I’ve grown up on the edge of Sequim and Port Angeles my whole life but I’ve always gone to Sequim schools. My mom would drive me in everyday. I’ve heard people say that Port Angeles is better than Sequim but I want to do this to show people that Sequim is great.

I really enjoy being involved with fun things. This always sounded fun to me and it sounded like it’s right up my alley. I also get to work with young kids and I really like Sequim and the chance to represent it.

It’s always been a dream of mine. I remember going to the pageant with my grandma and I told her I wanted to wear a dress and crown when I was old enough. I asked her to remind me when I was that age and before the packets came out she asked me if I wanted to still do it and I said Yes!

By doing this, what do you want people to learn about you?

I think I have a lot of different sides to me. This is more the get dolled up side, but I have my swimming side and wrestling side. I expect this to help me open up as I go into the real world by meeting new people and network.

Until I started this I wasn’t able to look people in the eye. I had a hard time. I would stare at the ground. I’m shy to other people but not to my friends. I want to be able to show everybody who I am.

Even if I don’t make it on the court, I’ve had an amazing experience learning from Lynn and Whitley (Sakas). I tried my best. I love dresses and crowns. I want people to know this is a blast.

I want to refine my social skills. I’ve been somewhat shy and I’ve been trying to breakout of my shell for a while. And hopefully by doing this I can keep continuing to do that.

I want to be remembered as a positive role model and have a positive influence on my peers. I want to show Sequim that there are still good teens out there.

Best part of the Irrigation Festival?  


At the parade, I was in third grade, I was running up and down the street and I saw a vendor selling bouncy balls with water in them. I bounced it once and it popped everywhere.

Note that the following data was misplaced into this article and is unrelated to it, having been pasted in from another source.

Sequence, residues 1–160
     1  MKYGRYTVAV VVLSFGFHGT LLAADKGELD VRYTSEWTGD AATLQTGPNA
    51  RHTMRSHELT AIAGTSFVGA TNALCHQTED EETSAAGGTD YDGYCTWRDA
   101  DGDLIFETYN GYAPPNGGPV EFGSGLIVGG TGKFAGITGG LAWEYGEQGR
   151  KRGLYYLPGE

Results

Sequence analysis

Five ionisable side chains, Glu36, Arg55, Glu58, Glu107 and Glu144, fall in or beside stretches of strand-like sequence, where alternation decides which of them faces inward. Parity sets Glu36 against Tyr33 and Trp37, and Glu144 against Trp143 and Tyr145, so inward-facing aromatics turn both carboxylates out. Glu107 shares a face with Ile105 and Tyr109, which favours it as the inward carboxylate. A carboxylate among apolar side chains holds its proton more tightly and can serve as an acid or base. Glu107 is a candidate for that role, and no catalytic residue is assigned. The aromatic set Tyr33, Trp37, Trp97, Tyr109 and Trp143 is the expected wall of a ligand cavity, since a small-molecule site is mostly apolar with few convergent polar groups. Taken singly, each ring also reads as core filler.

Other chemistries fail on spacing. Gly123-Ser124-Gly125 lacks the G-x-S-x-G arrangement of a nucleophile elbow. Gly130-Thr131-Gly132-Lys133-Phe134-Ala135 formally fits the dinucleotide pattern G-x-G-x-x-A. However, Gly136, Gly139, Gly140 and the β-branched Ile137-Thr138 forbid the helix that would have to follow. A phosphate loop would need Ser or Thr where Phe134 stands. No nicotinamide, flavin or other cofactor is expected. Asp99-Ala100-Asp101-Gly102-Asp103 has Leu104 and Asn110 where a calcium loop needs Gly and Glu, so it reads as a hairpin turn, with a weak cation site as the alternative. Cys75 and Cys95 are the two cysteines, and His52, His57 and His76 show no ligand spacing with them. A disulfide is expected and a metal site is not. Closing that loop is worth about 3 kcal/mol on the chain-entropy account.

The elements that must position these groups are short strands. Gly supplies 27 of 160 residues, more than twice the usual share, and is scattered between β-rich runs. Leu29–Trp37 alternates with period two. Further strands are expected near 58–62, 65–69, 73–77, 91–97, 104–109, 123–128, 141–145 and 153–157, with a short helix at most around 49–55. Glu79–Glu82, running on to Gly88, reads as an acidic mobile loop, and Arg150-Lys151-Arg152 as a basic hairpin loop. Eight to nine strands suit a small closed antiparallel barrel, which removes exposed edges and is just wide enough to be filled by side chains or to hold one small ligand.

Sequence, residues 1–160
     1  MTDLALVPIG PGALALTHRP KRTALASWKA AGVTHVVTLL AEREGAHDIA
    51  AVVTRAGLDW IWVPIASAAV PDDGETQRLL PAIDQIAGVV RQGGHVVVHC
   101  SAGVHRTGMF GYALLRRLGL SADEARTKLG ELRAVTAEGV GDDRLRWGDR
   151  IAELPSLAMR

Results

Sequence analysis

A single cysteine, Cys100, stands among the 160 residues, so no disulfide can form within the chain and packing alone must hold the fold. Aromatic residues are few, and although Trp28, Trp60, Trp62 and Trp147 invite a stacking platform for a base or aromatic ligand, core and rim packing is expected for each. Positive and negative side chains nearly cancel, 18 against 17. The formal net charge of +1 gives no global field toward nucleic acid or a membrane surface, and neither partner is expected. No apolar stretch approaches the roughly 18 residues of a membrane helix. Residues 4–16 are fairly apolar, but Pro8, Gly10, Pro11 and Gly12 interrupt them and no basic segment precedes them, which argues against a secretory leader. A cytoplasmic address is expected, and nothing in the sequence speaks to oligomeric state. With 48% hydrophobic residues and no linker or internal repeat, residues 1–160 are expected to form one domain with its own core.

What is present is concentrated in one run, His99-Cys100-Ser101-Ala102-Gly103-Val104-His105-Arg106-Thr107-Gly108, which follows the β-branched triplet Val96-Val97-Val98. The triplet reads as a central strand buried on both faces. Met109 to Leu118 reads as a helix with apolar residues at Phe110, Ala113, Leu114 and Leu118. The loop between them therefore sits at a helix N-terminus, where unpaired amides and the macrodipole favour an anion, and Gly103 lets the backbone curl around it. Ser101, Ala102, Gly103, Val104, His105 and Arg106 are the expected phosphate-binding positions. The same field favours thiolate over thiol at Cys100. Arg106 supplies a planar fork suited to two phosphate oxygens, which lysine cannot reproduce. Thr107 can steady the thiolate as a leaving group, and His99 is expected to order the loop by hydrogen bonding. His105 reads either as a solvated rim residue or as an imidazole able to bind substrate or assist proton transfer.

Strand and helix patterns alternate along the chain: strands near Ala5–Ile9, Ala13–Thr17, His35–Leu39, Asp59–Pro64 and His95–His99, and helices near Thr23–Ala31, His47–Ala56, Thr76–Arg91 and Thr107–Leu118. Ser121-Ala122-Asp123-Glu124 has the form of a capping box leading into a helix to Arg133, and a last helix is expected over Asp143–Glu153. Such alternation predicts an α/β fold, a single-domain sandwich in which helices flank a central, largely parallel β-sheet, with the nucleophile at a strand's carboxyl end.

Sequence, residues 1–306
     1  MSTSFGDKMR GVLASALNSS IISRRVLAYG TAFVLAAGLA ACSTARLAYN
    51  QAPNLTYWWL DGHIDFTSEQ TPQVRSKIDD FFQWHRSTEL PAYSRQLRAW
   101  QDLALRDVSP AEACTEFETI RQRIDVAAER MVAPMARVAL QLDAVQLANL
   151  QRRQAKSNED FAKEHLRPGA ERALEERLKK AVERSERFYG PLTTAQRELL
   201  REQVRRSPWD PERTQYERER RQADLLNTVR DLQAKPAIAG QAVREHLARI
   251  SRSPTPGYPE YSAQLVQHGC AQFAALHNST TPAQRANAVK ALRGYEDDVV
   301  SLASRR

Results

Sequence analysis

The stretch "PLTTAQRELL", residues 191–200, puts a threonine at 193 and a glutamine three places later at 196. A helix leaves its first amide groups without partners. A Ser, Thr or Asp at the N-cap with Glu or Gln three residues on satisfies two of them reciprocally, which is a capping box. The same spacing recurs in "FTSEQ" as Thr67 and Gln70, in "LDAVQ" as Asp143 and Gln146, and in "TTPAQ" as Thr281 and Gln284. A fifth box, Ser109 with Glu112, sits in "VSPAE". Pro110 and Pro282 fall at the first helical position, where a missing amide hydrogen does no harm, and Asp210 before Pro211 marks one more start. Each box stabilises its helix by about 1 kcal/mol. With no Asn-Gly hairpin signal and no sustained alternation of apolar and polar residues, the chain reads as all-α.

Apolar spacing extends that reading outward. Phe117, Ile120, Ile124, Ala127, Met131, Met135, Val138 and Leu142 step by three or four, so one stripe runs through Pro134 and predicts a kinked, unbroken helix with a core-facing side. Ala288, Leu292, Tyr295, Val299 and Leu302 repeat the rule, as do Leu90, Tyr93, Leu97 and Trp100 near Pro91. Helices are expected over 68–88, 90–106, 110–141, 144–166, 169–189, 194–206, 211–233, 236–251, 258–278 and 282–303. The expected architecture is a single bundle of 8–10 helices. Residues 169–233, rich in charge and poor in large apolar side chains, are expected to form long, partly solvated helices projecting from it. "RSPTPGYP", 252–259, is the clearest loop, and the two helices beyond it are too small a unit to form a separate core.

I used to be in Sunshine Generation (a children’s dance group) every year in a float. I remember my mom following the float all the way. She is my No. 1 fan. If I forgot a step, she’d do a thumbs up. My mom was that mom.

I’ve been in the parade since I can remember with Sunshine Generation and the marching bands. Two years ago I went through the parade with the band and had to change out of the elaborate uniform and it is elaborate. Then I drove back to the beginning with a friend and got into a dress and heels for the “The Music Man” operetta float and when through it again.

It was at the parade I learned I had a connection with elderly people. At the end of the parade one year, I was waiting for my friend when an elderly woman came up to me and asked me where a good place is to eat. After that at least seven other older people walked up to me and asked me questions. Now I work at Sherwood Assisted Living.

I’ve been in the parade every year for years and sometimes several times in a day. I like meeting up with my friends at the carnival and then going to the logging show and watching the fireworks. I love walking the streets of Sequim during the festival. Going from event to event is nice.